NASA'sThe United Launch Alliance Atlas V rocket carrying the Martian lander successfully lifted off from Vandenberg Air Force Base in Southern California at 4:05 a.m. Pacific Time on Saturday.
Mars InSight, which stands for Interior Exploration using Seismic Investigations, Geodesy and Heat Transport, is NASA's first interplanetary mission to leave from the west coast of the US.
The lander will spend at least two years "listening" to the interior of Mars as it measures the planet's subsurface heat and detects Marsquakes. The goal is to develop a map of sorts of the planet's interior and hopefully gain insights into the formation of other rocky planets, including Earth.
The Atlas 5 carrying InSight also carries a pair of experimental cubesats called MarCo and nicknamed "Wall-E" and "Eva" that will tag along to Mars. All three spacecraft took off on a southward path that carried the rocket over the Pacific Ocean, around the south pole and toward the other side of the planet before the rocket made a left turn toward Mars.
Though the rocket's ascent into space should've been visible from much of Southern California and even parts of Mexico, fog made it tough to catch a glimpse of the Atlas V without being above the marine layer.
NASA Chief Scientist Jim Green said that though it was tricky to actually see the launch pad, there was no missing the moment of launch.
"We heard it, we really heard it," Green said. "Car alarms went off in the parking lot."
Still, some sky watchers and space nerds did manage to get up early and find a fog-free vantage point.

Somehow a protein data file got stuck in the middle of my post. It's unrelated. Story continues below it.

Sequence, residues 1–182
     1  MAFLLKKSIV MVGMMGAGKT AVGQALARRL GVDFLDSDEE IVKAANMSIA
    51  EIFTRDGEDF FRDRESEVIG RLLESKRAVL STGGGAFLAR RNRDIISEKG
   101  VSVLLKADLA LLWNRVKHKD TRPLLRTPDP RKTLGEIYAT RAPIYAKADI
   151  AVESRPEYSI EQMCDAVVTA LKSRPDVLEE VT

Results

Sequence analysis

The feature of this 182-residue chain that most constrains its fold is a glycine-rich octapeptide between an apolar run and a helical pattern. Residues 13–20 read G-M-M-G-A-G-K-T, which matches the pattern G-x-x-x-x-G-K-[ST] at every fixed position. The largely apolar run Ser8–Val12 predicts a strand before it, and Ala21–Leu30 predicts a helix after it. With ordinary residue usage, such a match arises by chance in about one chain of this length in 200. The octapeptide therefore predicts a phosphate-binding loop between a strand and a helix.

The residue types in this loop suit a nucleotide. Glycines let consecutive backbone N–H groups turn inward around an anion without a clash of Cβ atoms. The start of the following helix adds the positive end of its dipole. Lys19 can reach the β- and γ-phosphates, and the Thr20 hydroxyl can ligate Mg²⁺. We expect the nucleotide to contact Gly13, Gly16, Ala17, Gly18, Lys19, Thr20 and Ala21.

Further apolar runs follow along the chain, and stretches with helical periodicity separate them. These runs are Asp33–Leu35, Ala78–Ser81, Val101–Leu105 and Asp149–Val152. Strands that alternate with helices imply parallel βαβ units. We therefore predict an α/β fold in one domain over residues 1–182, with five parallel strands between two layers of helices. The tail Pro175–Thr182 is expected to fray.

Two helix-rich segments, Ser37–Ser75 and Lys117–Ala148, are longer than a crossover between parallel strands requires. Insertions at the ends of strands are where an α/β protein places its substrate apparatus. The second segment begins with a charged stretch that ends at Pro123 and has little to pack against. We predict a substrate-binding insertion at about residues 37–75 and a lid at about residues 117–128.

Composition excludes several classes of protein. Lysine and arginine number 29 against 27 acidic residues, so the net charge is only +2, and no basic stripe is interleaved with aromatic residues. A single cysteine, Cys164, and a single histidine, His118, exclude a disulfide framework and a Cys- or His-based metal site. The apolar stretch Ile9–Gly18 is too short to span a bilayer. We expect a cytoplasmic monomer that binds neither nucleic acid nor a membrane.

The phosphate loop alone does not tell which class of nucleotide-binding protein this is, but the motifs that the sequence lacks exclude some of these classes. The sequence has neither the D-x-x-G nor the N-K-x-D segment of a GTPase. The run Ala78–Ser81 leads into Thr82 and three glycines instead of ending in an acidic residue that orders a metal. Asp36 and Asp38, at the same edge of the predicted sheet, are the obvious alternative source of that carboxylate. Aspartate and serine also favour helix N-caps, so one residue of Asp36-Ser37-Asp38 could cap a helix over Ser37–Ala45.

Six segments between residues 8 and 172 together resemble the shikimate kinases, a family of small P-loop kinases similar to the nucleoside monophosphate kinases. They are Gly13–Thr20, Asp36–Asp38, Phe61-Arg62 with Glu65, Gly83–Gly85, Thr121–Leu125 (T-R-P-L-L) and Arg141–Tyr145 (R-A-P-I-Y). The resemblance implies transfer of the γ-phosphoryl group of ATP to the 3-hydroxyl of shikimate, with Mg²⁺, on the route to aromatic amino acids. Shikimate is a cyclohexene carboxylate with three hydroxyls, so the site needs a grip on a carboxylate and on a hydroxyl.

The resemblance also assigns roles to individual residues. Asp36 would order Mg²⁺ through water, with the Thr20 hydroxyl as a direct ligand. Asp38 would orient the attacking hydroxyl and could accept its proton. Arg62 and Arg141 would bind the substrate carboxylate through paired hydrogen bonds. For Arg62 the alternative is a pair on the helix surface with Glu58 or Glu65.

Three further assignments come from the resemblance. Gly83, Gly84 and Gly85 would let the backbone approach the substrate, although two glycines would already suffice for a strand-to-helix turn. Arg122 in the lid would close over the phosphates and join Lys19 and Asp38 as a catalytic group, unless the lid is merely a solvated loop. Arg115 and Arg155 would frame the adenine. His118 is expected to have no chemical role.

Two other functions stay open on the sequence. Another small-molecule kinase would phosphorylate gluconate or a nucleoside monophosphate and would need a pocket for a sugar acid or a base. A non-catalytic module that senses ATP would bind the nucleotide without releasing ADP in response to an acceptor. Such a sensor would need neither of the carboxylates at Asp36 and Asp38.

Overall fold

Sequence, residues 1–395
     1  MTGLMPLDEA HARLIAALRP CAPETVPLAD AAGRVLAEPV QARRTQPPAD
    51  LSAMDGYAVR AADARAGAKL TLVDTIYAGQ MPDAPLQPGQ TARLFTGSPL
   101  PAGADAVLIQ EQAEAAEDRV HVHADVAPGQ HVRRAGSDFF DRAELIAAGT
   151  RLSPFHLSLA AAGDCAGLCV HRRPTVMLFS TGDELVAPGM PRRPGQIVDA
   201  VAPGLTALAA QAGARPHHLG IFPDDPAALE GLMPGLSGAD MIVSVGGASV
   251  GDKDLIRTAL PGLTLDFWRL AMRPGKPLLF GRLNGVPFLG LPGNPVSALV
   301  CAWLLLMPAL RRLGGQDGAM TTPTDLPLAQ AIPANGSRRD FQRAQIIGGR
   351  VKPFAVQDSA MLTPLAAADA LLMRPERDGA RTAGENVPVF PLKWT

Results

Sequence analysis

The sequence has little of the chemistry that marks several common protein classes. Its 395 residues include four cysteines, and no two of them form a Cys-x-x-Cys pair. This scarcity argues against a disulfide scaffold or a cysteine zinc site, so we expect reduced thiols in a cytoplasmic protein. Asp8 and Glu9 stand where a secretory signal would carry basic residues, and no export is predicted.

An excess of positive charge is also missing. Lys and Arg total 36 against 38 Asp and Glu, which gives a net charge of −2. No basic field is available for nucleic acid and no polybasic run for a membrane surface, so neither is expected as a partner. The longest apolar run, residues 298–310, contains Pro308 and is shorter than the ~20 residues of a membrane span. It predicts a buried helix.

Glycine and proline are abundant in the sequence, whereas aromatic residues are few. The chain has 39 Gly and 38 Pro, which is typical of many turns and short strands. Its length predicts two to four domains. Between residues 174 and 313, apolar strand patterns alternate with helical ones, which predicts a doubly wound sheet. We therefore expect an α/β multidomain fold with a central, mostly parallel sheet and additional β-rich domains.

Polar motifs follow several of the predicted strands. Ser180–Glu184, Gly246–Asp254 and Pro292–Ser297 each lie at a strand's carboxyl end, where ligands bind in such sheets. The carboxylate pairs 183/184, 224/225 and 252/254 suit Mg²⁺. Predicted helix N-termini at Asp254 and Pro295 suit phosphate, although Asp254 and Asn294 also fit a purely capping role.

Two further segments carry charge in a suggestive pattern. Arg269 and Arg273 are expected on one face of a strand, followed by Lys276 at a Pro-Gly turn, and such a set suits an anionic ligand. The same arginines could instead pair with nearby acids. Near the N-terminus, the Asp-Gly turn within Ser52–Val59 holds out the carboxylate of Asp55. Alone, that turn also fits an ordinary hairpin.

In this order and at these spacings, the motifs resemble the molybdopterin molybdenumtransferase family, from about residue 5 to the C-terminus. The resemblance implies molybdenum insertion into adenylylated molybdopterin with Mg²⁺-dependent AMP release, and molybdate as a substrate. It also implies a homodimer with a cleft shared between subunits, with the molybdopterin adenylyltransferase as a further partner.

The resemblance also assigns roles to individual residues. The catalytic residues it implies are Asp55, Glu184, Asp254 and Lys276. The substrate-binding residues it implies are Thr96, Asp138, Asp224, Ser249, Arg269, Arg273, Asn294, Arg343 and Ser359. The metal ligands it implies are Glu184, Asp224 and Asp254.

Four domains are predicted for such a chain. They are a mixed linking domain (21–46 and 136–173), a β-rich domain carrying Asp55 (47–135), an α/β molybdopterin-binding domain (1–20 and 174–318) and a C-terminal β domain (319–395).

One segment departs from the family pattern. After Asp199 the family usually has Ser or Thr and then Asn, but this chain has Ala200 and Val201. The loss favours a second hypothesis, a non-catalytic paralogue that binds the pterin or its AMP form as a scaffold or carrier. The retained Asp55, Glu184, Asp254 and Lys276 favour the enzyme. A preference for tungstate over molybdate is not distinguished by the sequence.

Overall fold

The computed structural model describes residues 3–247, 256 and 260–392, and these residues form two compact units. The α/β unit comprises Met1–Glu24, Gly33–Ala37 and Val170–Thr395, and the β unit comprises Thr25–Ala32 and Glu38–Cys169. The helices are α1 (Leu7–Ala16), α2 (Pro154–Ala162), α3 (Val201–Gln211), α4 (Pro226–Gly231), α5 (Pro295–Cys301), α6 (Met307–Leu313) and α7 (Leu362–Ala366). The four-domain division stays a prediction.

At around 5:38 a.m. PT, Mars Insight, Wall-E and Eva separated from the Centaur upper stage engine of the Atlas V, and officially went on their way to our neighboring planet.
The Mars InSight lander itself was built by Lockheed Martin of Denver, but it carries scientific instruments developed as part of an international collaboration with space agencies and other scientific institutions around the world. It carries a suite of highly sensitive seismometers to detect Marsquakes and a special "mole" that will drill up to 16 feet below the Martian surface to take heat readings and help map the planet's "guts."
"It's been enormously challenging to put together such a small sensor with the performance we need to detect Marsquakes," said professor Tom Pike from Imperial College London, who was one of the leaders on a team developing the short period seismometer on InSight. "We've had the support of the UK Space Agency, and their considerable patience. Now we finally get to see our microseismometers leave the launch pad, next stop Mars."
InSight is scheduled to land on a broad plain named Elysium Planitia in November. Be sure to check out the and the video above.
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